Europe’s top court ruled against social plug-ins; here’s why
When you surf across the internet, the Facebook Like button in nearly unavoidable. If you visit any website you are highly likely to see the Facebook Like button which encourages you to share the “like” with your Facebook friends and family. However, after a sequence of events, the European Court of Justice (ECJ), which is the top court in Europe, may rule to put an end to the era of social media “like”. The recent events paved the way for a decision that the website operators need to seek out the consent of users before they transfer any personal data via the Facebook like button.
It became easier than ever to add social media sharing buttons to a website. When there are no proper safeguards in place for social plug-ins, it is most likely that the users may be unknowingly sharing all of their personal info with a bunch of digital advertisers, or third-party data brokers.
The ruling for a need of the permission before adding the “like” button started with a case in Germany, involving the German fashion retailer Fashion ID. When the case was given into the investigation, it appeared that the second that a user landed on the page of the e-commerce retailer, data was immediately sent to Facebook. Even in cases when the users did not have the Facebook accounts, Fashion ID was sending the info to Facebook of a user such as the physical address of the user or any other potentially identifying information. In the cases when the users of a retailer had Facebook accounts, it was even worse, all of the information of the users included into Facebook media profile were sent to the Facebook social network.
The main reason for the Court of Justice of the European Union to side against Fashion ID was that the company was using the Facebook like button for the commercial gain. Anytime the “like” button was pressed, a mini-ad was sent to all of that user’s friends and followers, in which they were informed about this fashion retailer. In this way, Fashion ID was selling more products.
The European Court of Justice ruled that the operator of a website could be considered a “data controller” under the terms and conditions that were outlined in the 2018 General Data Protection Regulation (GDPR). In this case, a “data controller”, must seek out the consent and explicit permission of its users. In a case when the “like” button is showing on any website, that that very website is liable for any kind of data that has been transferred from that data to Facebook. The only good news for the operators was that once the data resided within Facebook’s data – they had no further responsibility.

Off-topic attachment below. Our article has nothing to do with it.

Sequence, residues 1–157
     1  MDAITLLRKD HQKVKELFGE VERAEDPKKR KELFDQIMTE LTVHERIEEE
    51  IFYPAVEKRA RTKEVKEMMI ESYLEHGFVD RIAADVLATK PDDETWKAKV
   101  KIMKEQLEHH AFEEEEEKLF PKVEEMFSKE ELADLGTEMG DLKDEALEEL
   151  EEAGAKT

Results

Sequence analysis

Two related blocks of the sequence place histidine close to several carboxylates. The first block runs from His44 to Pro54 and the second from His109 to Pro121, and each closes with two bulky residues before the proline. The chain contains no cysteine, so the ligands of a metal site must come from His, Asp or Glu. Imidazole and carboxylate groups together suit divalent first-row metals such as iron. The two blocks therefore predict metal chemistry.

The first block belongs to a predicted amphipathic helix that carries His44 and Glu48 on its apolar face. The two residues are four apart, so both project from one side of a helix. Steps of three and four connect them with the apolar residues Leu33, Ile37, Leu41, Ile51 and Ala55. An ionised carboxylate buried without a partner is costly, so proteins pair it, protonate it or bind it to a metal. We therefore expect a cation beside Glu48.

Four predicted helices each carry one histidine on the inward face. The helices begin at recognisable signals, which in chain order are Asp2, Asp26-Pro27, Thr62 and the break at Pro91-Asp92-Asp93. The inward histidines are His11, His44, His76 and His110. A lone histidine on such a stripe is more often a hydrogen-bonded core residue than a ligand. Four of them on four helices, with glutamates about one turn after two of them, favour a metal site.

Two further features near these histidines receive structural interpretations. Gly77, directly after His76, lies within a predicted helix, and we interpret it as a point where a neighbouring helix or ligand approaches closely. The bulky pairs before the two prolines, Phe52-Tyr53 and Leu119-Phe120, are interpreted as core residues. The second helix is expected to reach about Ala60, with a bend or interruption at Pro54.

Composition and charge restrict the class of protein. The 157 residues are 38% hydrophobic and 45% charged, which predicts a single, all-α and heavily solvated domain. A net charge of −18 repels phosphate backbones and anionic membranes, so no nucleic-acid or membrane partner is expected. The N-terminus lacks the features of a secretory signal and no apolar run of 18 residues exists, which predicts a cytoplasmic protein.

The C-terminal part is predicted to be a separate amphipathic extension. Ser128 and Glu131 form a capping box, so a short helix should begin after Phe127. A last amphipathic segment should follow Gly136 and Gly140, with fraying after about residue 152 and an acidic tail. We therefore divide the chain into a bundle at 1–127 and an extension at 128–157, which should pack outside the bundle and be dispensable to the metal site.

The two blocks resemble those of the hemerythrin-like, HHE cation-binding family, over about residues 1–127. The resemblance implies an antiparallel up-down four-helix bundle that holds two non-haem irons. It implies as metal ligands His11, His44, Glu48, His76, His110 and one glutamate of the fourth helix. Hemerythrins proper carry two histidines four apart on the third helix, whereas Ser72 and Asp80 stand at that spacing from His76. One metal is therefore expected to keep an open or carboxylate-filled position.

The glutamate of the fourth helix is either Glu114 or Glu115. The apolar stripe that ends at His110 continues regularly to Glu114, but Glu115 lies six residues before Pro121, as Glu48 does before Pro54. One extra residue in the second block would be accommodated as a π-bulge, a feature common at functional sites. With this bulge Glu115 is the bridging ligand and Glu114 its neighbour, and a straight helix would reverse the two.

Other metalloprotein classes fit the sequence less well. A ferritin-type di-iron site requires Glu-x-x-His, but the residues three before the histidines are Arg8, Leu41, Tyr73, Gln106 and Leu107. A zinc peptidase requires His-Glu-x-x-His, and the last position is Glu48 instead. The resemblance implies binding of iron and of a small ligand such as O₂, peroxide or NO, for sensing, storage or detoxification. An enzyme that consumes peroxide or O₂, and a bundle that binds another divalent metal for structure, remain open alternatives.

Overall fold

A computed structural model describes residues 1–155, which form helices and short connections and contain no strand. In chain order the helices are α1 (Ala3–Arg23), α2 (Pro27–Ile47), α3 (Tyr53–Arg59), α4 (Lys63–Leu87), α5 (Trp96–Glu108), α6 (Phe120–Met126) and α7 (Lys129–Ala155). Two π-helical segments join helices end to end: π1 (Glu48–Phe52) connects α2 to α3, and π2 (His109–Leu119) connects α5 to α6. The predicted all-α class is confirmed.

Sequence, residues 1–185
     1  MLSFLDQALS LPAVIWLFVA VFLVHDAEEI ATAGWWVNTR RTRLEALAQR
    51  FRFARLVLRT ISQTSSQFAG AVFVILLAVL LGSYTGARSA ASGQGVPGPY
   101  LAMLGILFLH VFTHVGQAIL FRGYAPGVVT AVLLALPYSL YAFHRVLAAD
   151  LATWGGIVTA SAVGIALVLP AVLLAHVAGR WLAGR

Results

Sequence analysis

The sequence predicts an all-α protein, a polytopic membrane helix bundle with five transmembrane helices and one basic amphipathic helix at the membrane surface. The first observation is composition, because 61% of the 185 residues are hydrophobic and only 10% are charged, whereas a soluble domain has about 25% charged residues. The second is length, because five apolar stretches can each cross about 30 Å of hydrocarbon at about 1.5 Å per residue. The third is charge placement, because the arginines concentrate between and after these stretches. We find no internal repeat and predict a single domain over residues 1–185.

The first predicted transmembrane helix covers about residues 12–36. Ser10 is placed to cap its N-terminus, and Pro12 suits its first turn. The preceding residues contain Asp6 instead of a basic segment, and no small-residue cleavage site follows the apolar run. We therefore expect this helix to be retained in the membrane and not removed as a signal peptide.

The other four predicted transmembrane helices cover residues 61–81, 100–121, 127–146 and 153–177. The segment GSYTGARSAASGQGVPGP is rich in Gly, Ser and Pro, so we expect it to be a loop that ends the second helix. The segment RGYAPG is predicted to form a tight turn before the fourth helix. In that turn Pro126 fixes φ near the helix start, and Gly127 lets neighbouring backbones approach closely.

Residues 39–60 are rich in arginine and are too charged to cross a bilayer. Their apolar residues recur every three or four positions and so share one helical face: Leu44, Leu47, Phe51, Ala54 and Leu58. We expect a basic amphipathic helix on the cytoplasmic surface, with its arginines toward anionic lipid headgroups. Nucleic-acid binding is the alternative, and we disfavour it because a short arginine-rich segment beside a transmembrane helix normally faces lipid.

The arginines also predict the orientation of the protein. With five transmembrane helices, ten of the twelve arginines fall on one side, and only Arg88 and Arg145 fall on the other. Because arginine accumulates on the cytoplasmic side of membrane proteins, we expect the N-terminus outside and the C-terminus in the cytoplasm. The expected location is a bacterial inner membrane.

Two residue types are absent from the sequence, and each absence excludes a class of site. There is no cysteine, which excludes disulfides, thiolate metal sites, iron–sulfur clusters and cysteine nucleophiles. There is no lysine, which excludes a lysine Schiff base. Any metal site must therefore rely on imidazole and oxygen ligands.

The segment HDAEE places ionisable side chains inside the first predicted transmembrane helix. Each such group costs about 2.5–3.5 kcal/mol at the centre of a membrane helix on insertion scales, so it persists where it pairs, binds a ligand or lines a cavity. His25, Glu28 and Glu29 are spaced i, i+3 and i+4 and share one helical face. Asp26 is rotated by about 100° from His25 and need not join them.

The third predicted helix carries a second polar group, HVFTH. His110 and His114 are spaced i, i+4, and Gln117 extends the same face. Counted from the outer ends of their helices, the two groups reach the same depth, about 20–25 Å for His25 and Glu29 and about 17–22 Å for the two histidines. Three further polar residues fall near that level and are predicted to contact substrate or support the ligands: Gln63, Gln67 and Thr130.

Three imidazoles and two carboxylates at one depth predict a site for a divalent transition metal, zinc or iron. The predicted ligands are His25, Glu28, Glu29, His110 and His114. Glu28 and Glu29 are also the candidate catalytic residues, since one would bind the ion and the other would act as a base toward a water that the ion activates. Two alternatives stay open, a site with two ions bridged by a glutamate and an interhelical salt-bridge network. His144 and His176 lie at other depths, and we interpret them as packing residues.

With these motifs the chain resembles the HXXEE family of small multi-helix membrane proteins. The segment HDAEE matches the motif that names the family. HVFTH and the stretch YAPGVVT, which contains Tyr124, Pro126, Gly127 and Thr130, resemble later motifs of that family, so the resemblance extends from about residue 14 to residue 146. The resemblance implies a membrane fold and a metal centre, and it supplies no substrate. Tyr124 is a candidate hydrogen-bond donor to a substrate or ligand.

In order to remain on the good side of regulators and legislators, and to show that all of their social media tools comply, Facebook welcomed this change. They noted that the company “welcomed the clarity” that was brought by the decision involving a data transfer to Facebook, and furthermore suggested that they would do anything possible to comply with the rule. It has a lot to do with this decision being non-appealing, which means that Facebook could not fire the counter-attack. It is simply better to comply with the rule and to work closely with its partners in order to avoid further misfortunes.
The easiest way for Facebook would be to ask each website operator which uses Facebook like to ask for consent, in the same way, the users are asked for collecting cookies when the browse through various pages. Maybe some form of a consent pop-up window would be the best possible solution but it comes with the possibility of degrading the overall online user experience. Nobody wants to answer a bunch of questions every time they use a website. What if a Facebook like comes with a very confusing menu of privacy options? However, for their websites to embed the “like” button, website operators will have to comply with some sort of this process.
The main reason for this in a way the disastrous rule is that all that matters is that the “like” button is somewhere on the page users are browsing through, it will automatically trigger the need to obtain consent. The confusion of the user is guaranteed – you’ve logged out of your Facebook account but you are being asked if it’s OK if Facebook still collects your data. Furthermore, the potential problem for all of the website operators lies in the responsibility of theirs to show the reason for collecting and transmitting data to Facebook.
All of this makes one question pop into the mind – what is the future of Facebook like button? Maybe Facebook will indeed face the gradual rollback of its presence across the web. If the “like” button goes into history, everything may go downside. What is certain is that the users are nowadays more aware that they have to protect themselves from prying eyes and they will not allow a simple button ruining their privacy.
Source: Society for Computers and Law